Over the last 3 weeks or so, we have been in Zimbabwe for business and had the chance to pay Air Zimbabwe and the Civil Aviation Authority of Zimbabwe (CAAZ) a visit to try and try get some updates on the status of Air Zimbabwe (UM) as well as other general info. After all, the interwebs has been filled with vast amounts of speculation and conflicting reports on Air Zimbabwe's status and murky dealings all of which make it very difficult to get an accurate picture of what is really going on there.
This is what we were told by our sources:
- Air Zimbabwe is still flying domestically, albeit using its aging Boeing 737-200Adv fleet to service Harare - Victoria Falls and Harare - Bulawayo. According to our sources, loads have picked up (which is no surprise seeing as there is no other competition on the routes). Harare - Vic Falls costs USD$400 return (lol).
|An AirZim 737 awaiting its flight to Bulawayo (24 June 2012)|
- Air Zimbabwe has indeed received a second A320 as previously reported by us. The two aircraft are now awaiting CAAZ registration before entering service, though where to, is still unknown. Also, the mysterious deal for two Airbus A340-500s that never was, came up quite often. Seems the deal is somehow "still in the offing" (make of that what you will, but we will believe it when we see it) though how much of that is truth and how much is pure BS is anyone's guess.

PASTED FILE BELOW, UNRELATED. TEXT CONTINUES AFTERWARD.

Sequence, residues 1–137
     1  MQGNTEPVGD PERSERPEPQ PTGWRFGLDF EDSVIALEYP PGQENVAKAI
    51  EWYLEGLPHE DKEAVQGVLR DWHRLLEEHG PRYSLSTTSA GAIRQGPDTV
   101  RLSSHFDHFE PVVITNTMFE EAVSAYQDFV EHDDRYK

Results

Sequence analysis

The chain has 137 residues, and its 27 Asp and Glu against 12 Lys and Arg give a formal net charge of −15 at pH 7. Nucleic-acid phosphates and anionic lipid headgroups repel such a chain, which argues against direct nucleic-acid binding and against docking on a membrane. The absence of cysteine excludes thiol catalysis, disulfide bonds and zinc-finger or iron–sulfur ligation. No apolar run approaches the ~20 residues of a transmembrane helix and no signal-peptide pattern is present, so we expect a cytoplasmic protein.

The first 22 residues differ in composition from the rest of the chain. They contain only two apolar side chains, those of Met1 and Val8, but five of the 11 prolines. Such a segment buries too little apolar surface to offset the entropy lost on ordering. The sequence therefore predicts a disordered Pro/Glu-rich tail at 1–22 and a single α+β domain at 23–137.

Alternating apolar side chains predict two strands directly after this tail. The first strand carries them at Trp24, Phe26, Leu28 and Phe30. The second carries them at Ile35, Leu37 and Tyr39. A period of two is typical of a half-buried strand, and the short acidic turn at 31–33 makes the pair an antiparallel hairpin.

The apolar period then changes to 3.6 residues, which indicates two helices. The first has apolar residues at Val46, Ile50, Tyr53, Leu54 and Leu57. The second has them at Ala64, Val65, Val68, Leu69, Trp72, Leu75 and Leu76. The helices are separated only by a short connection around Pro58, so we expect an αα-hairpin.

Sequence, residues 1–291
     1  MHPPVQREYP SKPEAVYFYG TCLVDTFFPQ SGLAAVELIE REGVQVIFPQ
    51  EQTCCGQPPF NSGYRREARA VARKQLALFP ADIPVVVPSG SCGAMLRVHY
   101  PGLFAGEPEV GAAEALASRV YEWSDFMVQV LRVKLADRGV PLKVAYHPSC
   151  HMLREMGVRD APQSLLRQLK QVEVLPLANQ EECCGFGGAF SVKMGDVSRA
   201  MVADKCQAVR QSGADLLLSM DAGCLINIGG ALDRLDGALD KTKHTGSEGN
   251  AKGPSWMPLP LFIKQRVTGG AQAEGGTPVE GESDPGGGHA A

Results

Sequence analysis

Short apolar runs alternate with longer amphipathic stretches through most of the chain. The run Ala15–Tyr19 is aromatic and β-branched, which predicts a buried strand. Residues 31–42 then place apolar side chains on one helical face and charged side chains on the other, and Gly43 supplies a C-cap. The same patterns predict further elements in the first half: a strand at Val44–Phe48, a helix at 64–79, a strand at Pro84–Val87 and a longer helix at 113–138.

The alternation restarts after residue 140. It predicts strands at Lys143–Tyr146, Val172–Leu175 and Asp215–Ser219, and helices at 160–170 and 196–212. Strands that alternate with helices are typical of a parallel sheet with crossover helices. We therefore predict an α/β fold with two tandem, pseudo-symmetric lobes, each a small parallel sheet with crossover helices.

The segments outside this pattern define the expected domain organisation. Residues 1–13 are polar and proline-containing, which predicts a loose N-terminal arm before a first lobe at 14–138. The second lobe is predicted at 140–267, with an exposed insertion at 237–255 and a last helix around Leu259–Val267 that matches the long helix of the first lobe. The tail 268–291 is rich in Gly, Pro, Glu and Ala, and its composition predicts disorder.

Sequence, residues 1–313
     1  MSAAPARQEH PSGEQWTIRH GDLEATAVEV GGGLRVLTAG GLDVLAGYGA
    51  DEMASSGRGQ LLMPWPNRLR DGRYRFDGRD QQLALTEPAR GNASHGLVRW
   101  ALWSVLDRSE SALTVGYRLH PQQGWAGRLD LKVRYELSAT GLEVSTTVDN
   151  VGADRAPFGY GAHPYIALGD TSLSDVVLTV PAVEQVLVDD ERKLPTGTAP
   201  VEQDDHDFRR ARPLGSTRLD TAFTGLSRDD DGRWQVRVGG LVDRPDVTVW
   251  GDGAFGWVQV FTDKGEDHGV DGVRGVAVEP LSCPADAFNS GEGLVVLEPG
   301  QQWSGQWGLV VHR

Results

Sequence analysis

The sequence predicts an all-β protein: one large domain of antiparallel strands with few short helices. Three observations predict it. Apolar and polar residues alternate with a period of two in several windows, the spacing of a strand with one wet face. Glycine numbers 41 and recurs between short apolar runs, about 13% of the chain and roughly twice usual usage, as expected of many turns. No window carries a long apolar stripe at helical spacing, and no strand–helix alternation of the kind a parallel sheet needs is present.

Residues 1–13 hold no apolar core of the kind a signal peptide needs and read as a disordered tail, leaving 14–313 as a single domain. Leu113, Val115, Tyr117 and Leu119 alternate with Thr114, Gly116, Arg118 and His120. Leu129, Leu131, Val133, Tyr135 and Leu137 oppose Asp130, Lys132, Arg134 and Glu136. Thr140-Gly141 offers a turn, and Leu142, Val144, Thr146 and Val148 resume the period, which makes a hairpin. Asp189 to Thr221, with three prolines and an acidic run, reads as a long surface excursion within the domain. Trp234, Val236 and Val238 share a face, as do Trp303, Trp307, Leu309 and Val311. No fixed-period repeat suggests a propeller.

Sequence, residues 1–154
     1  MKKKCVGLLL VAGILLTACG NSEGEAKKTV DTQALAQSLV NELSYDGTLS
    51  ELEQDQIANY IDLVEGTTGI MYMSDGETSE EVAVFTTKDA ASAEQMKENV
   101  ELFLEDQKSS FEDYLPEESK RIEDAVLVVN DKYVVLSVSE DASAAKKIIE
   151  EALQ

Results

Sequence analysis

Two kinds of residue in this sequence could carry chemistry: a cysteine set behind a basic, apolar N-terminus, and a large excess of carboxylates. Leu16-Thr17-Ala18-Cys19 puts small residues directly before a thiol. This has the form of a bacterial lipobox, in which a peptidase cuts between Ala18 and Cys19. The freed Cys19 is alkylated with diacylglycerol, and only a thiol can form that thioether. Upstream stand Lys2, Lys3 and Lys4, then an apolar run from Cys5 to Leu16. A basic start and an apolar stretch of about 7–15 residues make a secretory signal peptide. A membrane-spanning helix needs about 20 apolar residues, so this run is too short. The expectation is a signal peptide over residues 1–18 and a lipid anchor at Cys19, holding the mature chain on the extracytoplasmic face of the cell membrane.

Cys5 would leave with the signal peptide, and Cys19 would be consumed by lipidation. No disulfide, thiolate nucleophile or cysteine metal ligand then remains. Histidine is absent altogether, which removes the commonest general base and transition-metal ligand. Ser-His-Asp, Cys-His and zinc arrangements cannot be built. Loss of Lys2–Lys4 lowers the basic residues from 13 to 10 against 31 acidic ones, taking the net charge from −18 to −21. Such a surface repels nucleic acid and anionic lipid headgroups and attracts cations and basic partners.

|Two unknown BAe146s laid up at HRE (possibly Air Zim's)|
- The Air Zimbabwe member we spoke to made reference to the fact that staff have gone without pay for 11 months; UM staff are still in court over the USD$40million still owed to them, so any new deal to get UM back in the skies will first have to overcome this serious problem.
- Solenta Aviation, one of the only private players plying the safari routes, shut down its Zimbabwean operation as of May 2012.
- Harare International Airport is undergoing refurbishment; the main runway and taxiways are being done at the present moment using USD$24million in funds availed by the Ministry of Finance. Bulawayo (Joshua Mqabuko Nkomo) Airport is about to be completed, with Victoria Falls Airport currently a "work in progress".
- No word yet on when SolAir or Phoenix Air will (if ever) take to the skies. Strangely enough, a controversial Chinese mining firm, Anjin Investments, at the centre of a scandal involving Zimbabwean diamonds, has also applied for an airline operator's license.
So there you have it folks. Make of it what you all will, but bear in mind that what a pencil pushing bureaucrat says and what actually happens are usually two completely different things.
Monday, June 4, 2012
Following on from our initial report, Zimbabwean private start up Sol Air (ZS) has now revealed its plans for upcoming routes it intends to serve using a fleet of Bombardier CRJ-900s.